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Forty-one sparkling classics of Quebec fiction
In these fantastic tall tales a bull turns into a lawyer, a lonely Alberta cow's ghost longs for Quebec, and Ulysses comes back to Ithaca Corner, Ontario. Jacques Ferron writes metaphysical fables, political satire, portraits of men and women in all walks of life, and wry comedies, with great originality and a profound sympathy for the human condition. These forty-one sparkling classics are among the most celebrated works in modern Quebec literature. They appear in this original New Canadian Library collection in a specially revised and expanded translation by Betty Bednarski.
Excerpted from Tales from the Uncertain Country and Other Stories by Jacques Ferron, Afterword by Dr. Betty Bednarski. Copyright © 2010 by Jacques Ferron, Afterword by Dr. Betty Bednarski. Excerpted by permission of New Canadian Library, a division of Random House LLC. All rights reserved. No part of this excerpt may be reproduced or reprinted without permission in writing from the publisher.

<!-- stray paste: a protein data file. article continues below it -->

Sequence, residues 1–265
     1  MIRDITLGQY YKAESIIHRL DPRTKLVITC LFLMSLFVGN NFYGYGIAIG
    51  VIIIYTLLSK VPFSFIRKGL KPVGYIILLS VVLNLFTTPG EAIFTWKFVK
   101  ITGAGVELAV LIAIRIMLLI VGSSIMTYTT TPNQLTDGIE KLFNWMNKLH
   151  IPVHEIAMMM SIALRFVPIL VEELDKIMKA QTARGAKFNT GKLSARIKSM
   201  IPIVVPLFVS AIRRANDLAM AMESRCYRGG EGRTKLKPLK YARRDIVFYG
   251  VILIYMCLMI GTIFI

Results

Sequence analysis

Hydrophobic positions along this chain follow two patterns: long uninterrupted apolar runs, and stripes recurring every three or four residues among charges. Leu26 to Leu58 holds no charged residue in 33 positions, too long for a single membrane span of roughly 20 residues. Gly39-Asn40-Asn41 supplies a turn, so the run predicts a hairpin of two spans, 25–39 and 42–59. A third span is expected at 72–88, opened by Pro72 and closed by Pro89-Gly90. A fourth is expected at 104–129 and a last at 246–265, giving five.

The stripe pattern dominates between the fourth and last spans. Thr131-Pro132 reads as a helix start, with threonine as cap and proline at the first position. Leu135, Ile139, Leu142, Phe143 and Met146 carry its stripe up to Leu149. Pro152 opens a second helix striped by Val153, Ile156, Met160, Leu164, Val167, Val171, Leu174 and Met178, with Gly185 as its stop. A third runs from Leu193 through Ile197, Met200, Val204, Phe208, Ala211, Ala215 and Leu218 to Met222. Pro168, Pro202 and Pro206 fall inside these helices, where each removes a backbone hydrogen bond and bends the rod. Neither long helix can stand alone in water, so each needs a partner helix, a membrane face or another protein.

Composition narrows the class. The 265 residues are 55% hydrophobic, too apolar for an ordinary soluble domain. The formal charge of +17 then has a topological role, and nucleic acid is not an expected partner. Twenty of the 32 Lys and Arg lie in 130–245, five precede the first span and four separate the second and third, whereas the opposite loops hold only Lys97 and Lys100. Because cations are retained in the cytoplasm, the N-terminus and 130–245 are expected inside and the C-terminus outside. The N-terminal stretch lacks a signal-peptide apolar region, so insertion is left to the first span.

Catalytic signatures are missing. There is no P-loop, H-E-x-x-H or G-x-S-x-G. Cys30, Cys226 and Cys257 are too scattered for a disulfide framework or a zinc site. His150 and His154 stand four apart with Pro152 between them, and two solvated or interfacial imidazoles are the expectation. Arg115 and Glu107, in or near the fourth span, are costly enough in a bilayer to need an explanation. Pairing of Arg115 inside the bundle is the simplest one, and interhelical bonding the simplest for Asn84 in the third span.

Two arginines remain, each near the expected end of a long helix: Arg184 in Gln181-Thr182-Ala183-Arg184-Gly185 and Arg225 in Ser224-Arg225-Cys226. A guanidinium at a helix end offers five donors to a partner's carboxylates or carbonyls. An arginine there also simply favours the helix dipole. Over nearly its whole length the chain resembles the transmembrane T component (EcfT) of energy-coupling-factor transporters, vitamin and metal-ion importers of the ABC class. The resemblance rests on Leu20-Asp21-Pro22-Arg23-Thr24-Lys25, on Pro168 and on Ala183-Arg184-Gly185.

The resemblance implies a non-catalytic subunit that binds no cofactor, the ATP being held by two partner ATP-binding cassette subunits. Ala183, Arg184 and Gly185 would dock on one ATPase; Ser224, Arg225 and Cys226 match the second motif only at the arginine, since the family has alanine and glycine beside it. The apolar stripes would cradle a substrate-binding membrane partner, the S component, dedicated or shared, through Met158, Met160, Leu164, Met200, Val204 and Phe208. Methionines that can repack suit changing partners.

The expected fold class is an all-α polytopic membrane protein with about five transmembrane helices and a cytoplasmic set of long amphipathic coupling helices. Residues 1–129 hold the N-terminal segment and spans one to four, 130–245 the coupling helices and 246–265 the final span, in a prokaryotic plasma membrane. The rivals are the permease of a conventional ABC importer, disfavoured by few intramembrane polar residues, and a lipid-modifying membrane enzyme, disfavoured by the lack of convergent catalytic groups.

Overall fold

Jacques Ferron was born in Louiseville, Quebec, in 1921.The eldest of five children (including his sisters Madeleine, the writer, and Marcelle, the painter), he took the greater part of the classics course at the Jesuit Collège Jean-de-Brébeuf in Montreal, then studied medicine at Laval University from 1941 until 1945. After a brief spell in the Canadian Army, he practiced as a country physician at Rivière-Madeleine in the Gaspé. In 1948 he returned to Montreal and set up his consulting office on the South Shore, where he lived until his death.
From the moment he returned to Montreal, Ferron began to lead a public life, contributing regularly to medical and literary journals and taking an active part in politics. In 1963 he founded his own party, the Rhinoceros Party, designed for the purpose of satirizing the federal political system.
Playwright and essayist, novelist and short story writer, Ferron remembers, especially in his tales, the multifaceted aspects of his cultural heritage. His tales invest the present with the vitality and richness of a strong Québécois past. His first collection won the Governor General’s Award for Fiction in 1962.
Jacques Ferron died in Saint-Lambert, Quebec, in 1985.